Botanic Garden Records UK's Hottest July
24 July 2006
Britain's hottest July day on record was centred on a Victorian botanical garden in Surrey, the Met Office said on Thursday. The thermometer at the Royal Horticultural Society's Wisley Garden surged to 36.5 degrees Centigrade (97.7 Fahrenheit) as Britain sweltered in a heatwave.
"It was very hot - the garden did struggle yesterday," said marketing executive Anna Tomkins. Wisley broke the previous record for July of 36.0 C recorded in 1911 just 10 miles away in Epsom.
"Quite often when we do have heatwaves, Wisley for some reason does become one of the hottest areas," Tomkins said.
Gardeners at the 240-acre site had started work before 6 a.m. to avoid the worst heat of the day, while the air-conditioned apple store at the garden proved irresistible for many staff.
"We would like it slightly cooler so that people can come and enjoy the garden because it does look stunning at the moment," she said. "Despite the hot weather, everything is very colourful."
Temperatures across Britain were back below 28 C on Thursday, cooler than Wednesday's peak but still well above typical July levels.
"The intense heat has passed by for the time being," said a Met Office spokesman, adding that temperatures would remain in the high 20s over the coming days.
The all-time British high of 38.5 C was recorded at Faversham in Kent, on August 10, 2003.
Rare Plant Sighting
The heat is making the UK a more welcoming place for visitors. A very rare sighting of the Australian plant the Kangaroo Apple has been spotted on a housing estate in Westminster.The rare subtropical plant has been thriving because of the heatwave, experts have said.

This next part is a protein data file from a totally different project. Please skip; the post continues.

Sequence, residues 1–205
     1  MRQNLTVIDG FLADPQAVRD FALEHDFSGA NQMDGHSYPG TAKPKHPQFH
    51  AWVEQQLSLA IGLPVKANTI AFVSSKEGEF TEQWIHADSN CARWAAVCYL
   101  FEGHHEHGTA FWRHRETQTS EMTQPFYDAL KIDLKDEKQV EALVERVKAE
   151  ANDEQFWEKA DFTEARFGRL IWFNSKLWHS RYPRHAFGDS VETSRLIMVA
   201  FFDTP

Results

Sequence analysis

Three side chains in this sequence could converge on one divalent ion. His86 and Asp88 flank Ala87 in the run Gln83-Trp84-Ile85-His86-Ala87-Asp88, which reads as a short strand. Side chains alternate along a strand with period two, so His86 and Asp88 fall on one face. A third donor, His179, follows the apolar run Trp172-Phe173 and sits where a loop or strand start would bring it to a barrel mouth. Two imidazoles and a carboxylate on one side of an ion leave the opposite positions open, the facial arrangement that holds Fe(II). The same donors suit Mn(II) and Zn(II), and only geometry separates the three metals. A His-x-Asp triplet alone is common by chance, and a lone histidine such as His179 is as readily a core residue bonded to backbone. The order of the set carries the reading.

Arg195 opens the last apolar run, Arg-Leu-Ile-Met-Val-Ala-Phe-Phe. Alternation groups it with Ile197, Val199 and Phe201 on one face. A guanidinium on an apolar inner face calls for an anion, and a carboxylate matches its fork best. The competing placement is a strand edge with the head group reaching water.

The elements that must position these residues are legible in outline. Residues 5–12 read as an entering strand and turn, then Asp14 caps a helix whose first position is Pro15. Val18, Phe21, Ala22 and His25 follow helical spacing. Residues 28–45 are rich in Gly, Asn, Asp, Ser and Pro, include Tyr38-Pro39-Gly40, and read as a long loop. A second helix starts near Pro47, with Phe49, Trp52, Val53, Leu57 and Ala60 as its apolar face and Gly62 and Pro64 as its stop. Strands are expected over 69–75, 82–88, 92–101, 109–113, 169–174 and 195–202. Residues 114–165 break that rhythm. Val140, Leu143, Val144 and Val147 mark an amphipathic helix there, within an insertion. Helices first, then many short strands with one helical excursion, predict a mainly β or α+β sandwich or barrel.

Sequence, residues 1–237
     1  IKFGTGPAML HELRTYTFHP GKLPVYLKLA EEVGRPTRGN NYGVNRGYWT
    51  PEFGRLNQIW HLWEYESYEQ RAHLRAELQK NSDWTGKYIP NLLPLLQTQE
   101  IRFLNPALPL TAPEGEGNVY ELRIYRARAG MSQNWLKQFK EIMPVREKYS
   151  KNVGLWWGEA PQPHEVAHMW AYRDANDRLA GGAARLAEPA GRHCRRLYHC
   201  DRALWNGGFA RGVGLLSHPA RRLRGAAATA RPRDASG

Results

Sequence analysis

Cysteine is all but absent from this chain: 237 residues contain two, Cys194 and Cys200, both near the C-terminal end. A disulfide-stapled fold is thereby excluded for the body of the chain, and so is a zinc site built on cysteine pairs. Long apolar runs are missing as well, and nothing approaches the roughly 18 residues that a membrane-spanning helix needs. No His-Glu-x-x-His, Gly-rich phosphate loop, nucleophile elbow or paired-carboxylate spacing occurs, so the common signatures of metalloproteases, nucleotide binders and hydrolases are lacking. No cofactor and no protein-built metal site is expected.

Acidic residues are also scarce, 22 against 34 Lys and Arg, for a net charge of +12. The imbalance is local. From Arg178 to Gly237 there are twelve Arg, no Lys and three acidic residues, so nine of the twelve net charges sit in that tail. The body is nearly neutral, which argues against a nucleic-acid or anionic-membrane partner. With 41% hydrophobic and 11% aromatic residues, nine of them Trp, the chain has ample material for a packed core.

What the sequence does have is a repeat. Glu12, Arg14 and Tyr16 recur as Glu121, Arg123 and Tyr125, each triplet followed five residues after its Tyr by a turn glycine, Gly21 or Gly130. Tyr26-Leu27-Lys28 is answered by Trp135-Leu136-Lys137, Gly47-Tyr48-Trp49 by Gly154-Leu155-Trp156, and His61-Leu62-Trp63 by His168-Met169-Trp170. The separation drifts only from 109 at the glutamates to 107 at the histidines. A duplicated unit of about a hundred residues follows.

The Solanum laciniatum, commonly known as the Kangaroo Apple, was found by residents in Churchill Gardens estate in the borough of Westminster. The small shrub with ornate purple flowers and red berry-like fruit is native to south-eastern Australia.
The species has been flourishing in Britain thanks to the mild winters, botanical experts said.
The plant was introduced to the UK by Joseph Banks in 1772 and has been cultivated for its quick growth and spectacular flowers, said the Natural History Museum which identified the plant. Kangaroo apples were used in the former Soviet Union and in New Zealand in the chemical industry for the production of industrial steroids.
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The No-nonsense Guide to Climate Change (Dinyar Godrej, 2001)
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